7 Motivational Quotes From Recording Experts That Will Kickstart Your Musical Inspiration
Every year I go to NAMM. My favorite parts are the panels.
Especially the engineer and mixing panel featuring four great veterans of the recording industry: Niko Bolas, Rafa Sardina, Matt Wallace and Eddie Kramer.
I couldn’t type fast enough as the quotes just came flying out of their mouths every time they were asked a question.
So here I bring you a few of the ones that really stood out for me.
On Starting Out in the Industry:
A naive aspect of recording often gets truly outrageously amazing results -Rafa Sardina
Rafa had a good point that even if you don’t know exactly what you’re doing, you also don’t know if you’re breaking any rules.
Therefore, you might end up with something really interesting because you went somewhere in your engineering that somebody with experience might never have done.
But then he goes on,
Other times they do way too much. 24 tracks of 3 guitars? I couldn’t make sense of it. -Rafa Sardina
To which Eddie Kramer interjected:
Where as one 57 would’ve done the job! -Eddie Kramer
That brought us to talking about limitations and how everyone can have as many tracks and takes as they want.
All you’re doing is postponing decisions. Limitations are what make great music -Matt Wallace
You shouldn’t be afraid to trust your guts -Niko Bolas
In the realm of infinite Pro-Tools tracks they real music can get lost on the way to that perfect take. To which I say, music isn’t perfect and sterile.
It’s about putting your heart into it and being true about it. Robotically perfect playing can take the soul out of the whole production.
The Art of Producing
As a producer I have to infer what they really really want -Matt Wallace
Musicians speak a different language. They describe things differently and see their music through a very different set of eyes than the listener.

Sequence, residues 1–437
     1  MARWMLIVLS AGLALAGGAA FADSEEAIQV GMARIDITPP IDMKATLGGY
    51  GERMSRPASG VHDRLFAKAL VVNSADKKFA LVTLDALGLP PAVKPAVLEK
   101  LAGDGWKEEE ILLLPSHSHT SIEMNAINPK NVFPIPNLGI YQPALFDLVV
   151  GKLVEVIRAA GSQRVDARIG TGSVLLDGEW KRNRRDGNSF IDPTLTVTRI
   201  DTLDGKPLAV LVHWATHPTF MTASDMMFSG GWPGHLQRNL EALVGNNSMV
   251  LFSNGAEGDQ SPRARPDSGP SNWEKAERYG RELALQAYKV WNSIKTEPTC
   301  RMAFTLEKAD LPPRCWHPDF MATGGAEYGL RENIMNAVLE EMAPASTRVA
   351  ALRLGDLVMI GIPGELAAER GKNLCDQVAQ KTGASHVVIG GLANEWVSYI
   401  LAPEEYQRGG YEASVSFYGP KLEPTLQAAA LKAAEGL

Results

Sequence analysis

Therefore it’s the producer’s job to not just listen to what they’re saying, but also understanding what they actually mean. Only then can you translate that into a production decision.
On the Reason for Doing it All
Mixing is way more art and soul than science. We don’t really know what we’re doing. We’ve all been faking it for 40 years. We do it because we love music. It’s what gets me going every day. It’s the love of music first. -Eddie Kramer
I think there’s not better quote to end this post with than that one. Because that’s ultimately why this business is so fun. Those of us that get to work on new and exciting projects every day, we do it because we love making new music.
Whether it’s playing it, producing it or simply writing about it, we all do it for the love of the music.
If reading this makes you feel inspired and wanting to get out there an create something cool, take my Mixing Strategies guide along for the ride and use it to help you make better sounding mixes.
It teaches you a completely different approach to mixing your music so if you’ve been feeling uninspired, take this post and my guide on a path to better mixes.
Image by: Victor Bezrukov